You say that we shouldn’t want anything but then what would motivate me to do anything? Why would I go to work if I didn’t want things? How exactly am I supposed to put together the life I want if I don’t go out and get those things? I want to be as spiritually healthy as the next person but what’s the point if I have to live a life that’s ugly and cheap and unsatisfying? Can’t I have my cake and eat it too?
I love your question so much I want to tackle each part of it separately. Let’s start with: “Why would I go to work if I didn’t want things?” Yeah, why do you go to work? Have you ever questioned that? Why do you need a job to exist? Why do you need to work for someone? Think about it. That’s a relatively new idea.
Once any society could feed itself, that freed up people to do other things. And because we were envious of the things that the Kings and Queens or Sultans or Emperors had, we found ways to create value s that we could acquire those things too. Over time, we started buying more and more items where the ‘value’ existed strictly in separating us from others by way of consumer-based social status.
Yes, the world needs many useful things. But at the same time, a whole system of advertising, marketing, promotion, and hidden agendas got built up around our egotistical need to try and elevate ourselves by reflecting and collecting our society’s status symbols. Meanwhile rates of mental health struggles just kept rising the more we wanted.
Wanting is to get the cart before the horse. The talented architect does not build a highly function and beautiful building as a way of anointing themselves as successful. The great painters weren’t looking for what we like, they were looking for what they liked. The most heartfelt songwriters aren’t that way because they are trying to sell us songs. They trying to tell a sort of truth.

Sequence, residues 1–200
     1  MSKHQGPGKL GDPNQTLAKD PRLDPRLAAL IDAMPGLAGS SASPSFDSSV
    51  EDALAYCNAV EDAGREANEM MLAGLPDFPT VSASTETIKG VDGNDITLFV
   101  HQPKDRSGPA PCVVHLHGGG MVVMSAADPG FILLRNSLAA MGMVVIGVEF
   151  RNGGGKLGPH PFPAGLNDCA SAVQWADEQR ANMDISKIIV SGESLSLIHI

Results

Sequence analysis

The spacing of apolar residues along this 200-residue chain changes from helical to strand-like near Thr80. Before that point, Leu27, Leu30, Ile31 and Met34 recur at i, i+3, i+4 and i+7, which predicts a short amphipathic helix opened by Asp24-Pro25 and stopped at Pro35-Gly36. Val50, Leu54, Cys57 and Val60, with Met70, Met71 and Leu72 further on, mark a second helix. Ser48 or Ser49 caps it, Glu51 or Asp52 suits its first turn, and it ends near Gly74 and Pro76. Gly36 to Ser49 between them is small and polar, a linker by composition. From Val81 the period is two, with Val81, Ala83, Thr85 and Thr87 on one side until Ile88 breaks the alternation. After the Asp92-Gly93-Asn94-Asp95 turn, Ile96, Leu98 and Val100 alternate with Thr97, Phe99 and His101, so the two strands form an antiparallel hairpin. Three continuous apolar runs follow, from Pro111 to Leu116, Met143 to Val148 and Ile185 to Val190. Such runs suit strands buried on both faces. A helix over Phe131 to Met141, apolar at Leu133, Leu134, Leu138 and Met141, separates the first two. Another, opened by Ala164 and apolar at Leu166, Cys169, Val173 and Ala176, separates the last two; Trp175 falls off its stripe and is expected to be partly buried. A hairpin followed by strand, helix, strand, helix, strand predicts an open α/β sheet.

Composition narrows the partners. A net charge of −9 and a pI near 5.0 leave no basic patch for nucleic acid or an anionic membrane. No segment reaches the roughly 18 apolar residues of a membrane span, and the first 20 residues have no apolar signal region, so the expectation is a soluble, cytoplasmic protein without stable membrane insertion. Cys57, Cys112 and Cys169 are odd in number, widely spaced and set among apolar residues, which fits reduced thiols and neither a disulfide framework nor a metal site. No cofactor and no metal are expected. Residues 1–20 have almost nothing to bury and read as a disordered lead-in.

Whether it’s cooking a meal, or raising people’s consciousness, or even helping a little old lady across the street, true creation is an authentic act, and it takes place through experience, not objects or ideas.
Our healthiest selves are not trying to impress us or anyone else, nor is that healthy version of us focused on furthering some external agenda we have, about who we want to be in the future. We’re more focused on who we are being in any given moment, during any given experience.
This healthy part of us exists naturally, without external motivation. It recognizes manifestation, not comparison. It is the releasing of creativity rather than the ownership of beauty.
If you want a truly enviable life then live an authentic one. Don’t go to stores and collect all the things you’ve been told to collect by music, and TV and the web, or through your friends who got their ideas from the same sources. Be original by being yourself.
Move in directions not because they reflect well on you, move in directions that naturally inspire you. Get more interested in the things you find easy that others find hard. Then, don’t collect things, experience things. Because you can tell yourself and others a good story about your impressive life; Or you can go out and actually live through deep and profound experiences.
In reality we all do a little of both. We can’t be found if there isn’t also a way to be lost. But the game is to be lost for the least amount of lifetime as possible.
A serious childhood brain injury lead Scott to spend his entire life meditating on the concepts of thought, consciousness, reality and identity. It made others as strange to him as he was to them. When he realized people were confused by their own over-thinking, Scott began teaching others to understand reality. He is currently CBC Radio Active’s Wellness Columnist, as well as a writer, speaker and mindfulness instructor based in Edmonton, AB where he still finds it strange to write about himself in the third person.